not naming any.
Before we move on to some of the ‘vestigial organs’ we ought to pause
for a moment and consider the subject of inheritance.
How does the offspring of each new generation of plants or animals
inherit the information which builds them into a copy of their parents? By DNA
replication. Darwin, on the other hand, thought that if the environment changed,
the life forms would change to adapt with it, without reaching a point where
further change was impossible. Darwin did not know about genes and DNA so his
theory was wrong.
Take the mouse for example. If the tails of mice are cut off, do they
produce offspring without tails? No. If humans circumcise their boys for many
generations (as the Jews have done for thousands of years) does this produce
boys already circumcised at before birth? No. If the Chinese bind the feet of
their girls (as they have done for thousands of years) does this eventually
produce girls with small feet? No. If a certain tribe of Indians bind the heads
of their babies over successive generations (as they have done) does this
produce deformed skulls in the next generation? No.
Because as the environment changes, the offspring which are best suited
to surviving the change will survive, as the genetic pool of possible variation
is sorted, but no change beyond a certain point will ever occur. Genes are like
a bank account, from which plants and animals may make withdrawals. Once the
full amount is withdrawn, no more variation remains. This is why, after
thousands of years, no amount of stretching will give a giraffe a longer neck
than its genes will allow. This is why Persian cats will never have longer fur
than the best example bred. No horse will be larger than a certain size. No
sugar beet will ever have more sugar in it than its maximum – no matter how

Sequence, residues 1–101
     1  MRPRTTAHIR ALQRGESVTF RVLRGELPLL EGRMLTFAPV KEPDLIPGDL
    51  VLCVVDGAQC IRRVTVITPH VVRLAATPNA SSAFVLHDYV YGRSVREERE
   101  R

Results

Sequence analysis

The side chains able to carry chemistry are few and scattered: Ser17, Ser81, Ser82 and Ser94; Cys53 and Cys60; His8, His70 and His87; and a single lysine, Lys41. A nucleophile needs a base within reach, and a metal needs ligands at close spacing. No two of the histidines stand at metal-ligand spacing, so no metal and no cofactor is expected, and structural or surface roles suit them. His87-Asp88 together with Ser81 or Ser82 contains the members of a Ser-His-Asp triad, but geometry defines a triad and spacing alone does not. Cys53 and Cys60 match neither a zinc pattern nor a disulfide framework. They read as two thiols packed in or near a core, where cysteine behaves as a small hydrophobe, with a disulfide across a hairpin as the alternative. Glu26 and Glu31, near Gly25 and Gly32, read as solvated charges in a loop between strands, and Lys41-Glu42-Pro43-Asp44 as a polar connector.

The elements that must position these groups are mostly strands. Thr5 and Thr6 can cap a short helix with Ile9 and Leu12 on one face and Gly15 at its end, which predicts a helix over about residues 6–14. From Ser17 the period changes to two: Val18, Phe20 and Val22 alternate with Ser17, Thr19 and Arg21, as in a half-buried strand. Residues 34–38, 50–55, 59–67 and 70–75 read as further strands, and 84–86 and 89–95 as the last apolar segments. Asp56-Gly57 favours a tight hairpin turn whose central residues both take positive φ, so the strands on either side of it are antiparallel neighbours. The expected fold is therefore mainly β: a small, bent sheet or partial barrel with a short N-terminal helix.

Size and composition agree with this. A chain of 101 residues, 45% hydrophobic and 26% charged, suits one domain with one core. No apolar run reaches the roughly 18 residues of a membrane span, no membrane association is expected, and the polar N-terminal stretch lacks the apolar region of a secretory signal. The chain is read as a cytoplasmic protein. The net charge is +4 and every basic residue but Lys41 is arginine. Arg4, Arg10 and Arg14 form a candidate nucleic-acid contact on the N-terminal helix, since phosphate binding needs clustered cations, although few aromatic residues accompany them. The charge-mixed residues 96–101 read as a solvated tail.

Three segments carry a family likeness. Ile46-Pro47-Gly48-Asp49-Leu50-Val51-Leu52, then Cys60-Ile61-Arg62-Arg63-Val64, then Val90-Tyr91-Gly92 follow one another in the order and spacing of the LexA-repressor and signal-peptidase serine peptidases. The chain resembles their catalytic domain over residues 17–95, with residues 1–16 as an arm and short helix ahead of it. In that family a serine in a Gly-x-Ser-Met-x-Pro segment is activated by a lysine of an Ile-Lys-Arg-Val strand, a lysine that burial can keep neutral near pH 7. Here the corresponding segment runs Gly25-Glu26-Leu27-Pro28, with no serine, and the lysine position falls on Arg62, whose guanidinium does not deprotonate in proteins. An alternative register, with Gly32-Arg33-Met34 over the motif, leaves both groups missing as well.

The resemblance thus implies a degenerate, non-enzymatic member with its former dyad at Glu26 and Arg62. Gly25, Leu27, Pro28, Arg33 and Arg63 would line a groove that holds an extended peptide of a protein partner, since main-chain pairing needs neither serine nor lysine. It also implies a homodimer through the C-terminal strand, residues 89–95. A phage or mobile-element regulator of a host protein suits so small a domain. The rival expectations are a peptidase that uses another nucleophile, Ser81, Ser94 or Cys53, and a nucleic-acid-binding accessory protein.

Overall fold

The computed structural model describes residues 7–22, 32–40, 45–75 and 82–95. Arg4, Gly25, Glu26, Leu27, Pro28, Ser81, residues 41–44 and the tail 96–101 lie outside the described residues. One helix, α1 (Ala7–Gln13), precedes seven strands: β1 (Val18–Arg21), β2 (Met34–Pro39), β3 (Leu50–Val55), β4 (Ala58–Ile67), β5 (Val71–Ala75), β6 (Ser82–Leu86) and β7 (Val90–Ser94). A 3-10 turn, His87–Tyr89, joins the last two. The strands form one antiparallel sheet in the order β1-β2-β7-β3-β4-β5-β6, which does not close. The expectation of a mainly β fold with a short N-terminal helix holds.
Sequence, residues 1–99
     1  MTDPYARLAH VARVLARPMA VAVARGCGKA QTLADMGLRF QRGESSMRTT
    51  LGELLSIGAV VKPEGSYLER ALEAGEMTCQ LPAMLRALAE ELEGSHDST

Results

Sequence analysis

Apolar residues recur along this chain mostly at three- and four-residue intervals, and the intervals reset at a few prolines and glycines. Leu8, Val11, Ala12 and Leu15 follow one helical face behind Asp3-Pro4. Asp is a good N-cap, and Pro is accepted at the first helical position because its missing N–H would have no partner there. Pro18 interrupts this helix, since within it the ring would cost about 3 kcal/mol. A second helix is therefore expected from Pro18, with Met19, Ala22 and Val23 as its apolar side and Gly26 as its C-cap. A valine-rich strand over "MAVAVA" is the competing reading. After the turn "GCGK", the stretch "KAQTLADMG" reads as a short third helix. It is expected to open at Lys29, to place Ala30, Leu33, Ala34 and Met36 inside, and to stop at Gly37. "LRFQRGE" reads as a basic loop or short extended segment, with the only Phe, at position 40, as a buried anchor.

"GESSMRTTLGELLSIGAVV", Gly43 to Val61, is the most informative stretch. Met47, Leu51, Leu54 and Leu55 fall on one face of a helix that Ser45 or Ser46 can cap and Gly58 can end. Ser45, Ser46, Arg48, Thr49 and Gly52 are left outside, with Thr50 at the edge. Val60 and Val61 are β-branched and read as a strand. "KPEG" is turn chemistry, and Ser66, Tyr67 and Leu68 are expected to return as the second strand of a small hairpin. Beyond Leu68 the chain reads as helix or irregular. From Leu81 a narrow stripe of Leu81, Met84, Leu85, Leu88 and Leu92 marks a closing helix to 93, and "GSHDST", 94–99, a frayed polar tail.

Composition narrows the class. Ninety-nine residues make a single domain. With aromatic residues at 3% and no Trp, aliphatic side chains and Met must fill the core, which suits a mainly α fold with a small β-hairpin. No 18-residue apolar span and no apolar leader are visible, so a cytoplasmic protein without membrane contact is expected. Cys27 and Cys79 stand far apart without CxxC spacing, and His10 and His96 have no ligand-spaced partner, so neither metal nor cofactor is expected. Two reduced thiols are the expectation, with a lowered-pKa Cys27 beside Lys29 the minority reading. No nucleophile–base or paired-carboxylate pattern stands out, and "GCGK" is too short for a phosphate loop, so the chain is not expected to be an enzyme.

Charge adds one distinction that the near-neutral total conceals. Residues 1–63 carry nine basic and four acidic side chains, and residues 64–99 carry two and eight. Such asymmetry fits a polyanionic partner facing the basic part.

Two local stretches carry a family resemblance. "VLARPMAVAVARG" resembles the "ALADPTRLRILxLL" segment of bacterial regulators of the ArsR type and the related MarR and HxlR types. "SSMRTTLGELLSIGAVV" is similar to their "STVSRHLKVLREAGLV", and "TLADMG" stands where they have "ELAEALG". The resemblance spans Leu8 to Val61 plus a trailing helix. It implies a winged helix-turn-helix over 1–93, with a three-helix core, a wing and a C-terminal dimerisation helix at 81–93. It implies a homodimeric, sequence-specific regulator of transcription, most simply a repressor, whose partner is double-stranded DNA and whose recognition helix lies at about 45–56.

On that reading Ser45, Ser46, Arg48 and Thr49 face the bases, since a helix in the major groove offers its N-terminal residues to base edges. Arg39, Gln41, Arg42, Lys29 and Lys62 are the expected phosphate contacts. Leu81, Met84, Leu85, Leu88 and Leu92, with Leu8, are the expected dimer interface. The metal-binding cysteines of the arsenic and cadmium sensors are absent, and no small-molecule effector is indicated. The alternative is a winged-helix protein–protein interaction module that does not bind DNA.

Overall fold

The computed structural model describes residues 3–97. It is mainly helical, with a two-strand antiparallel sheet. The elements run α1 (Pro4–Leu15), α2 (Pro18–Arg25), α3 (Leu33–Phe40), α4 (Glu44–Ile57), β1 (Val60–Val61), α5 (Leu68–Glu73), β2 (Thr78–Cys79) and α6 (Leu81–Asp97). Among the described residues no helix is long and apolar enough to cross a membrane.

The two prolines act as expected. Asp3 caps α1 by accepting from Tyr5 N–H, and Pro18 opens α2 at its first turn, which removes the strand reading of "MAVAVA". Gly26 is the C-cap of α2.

many more thousands of years the sugar beet is bred. There is a limit to the
amount of variation which genes can supply, but once that limit is reached,
nothing can alter it.
In other words, the genes are an absolute barrier in the path of
evolutionary theory. Nothing can get past the inherited genes. Nothing can alter
the DNA in such a way as to increase the potential. It is a simple mathematical
statement. From seven characteristics possible, only seven can be extracted.
The following are just a few of the organs which evolutionists have
claimed as evidence for evolution:
The thyroid gland.
claimed to be useless, this is now known to be a vital gland for normal body
growth. If this gland produces too much or too little thyroxine the whole body
is affected (overactivity or underactivity). Deficiency at birth causes
deformity known as cretinism.
The pituitary gland.
organ is now known to ensure proper growth of the skeleton and proper
functioning of the thyroid, adrenal and sex glands. If the pituitary gland
doesn’t work properly gigantism can result.
The tonsils and appendix.
thymus gland, the tonsils and the appendix are all part of the lymphatic tissue
which helps to prevent disease germs from entering the system. Once a child has
built up sufficient resistance to the usual disease germs the importance of the
appendix and tonsils diminishes so they can be removed, but they are very
important at the early stage of life.
named the ‘tail bone’ by the evolution-minded, this small bone at the end of
the spine is now known to have as a point of insertion for several muscles and
The semilunar fold of the eye.
animals and birds have a third eyelid, known as the nictitating membrane. Darwin
claimed that Man has a vestige of this membrane in the inner corner of the eye.
But the fold is actually a portion of the conjunctiva which aids in the
cleansing and lubrication of the eyeball.
The pineal gland.
was once thought to be the remains of a third eye. The exact function of this
gland is not fully known, but tumors of the pineal gland can cause abnormal
Today it is happily agreed by the medical profession that none of
these ‘vestigial’ organs are redundant, or useless. All are important, and
some are incredibly crucial. Many of the so-called vestigial organs in plants
and animals have also now been acknowledged as essential to the health of the
organism. (For example the whale’s so-called vestigial legs are now known to
play some part in its balance). It is only fanciful guesswork to look at some
part of a plant or animal and decide what some imaginary ancestor used that
organ for, and it is dreaming to say that vestigial organs support evolution. If
anything, they indicate de-volution.
As mentioned before, the only way evolution could happen is through the
appearance of new genetic information. For example, in order to grow
wings, a fish would need a huge amount of new information to produce the
muscles, bones, feathers, blood-supply, oil and many other things. All this
information would need to appear complete and intact, giving the fish the
ability to survive its change without suffocating or crashing.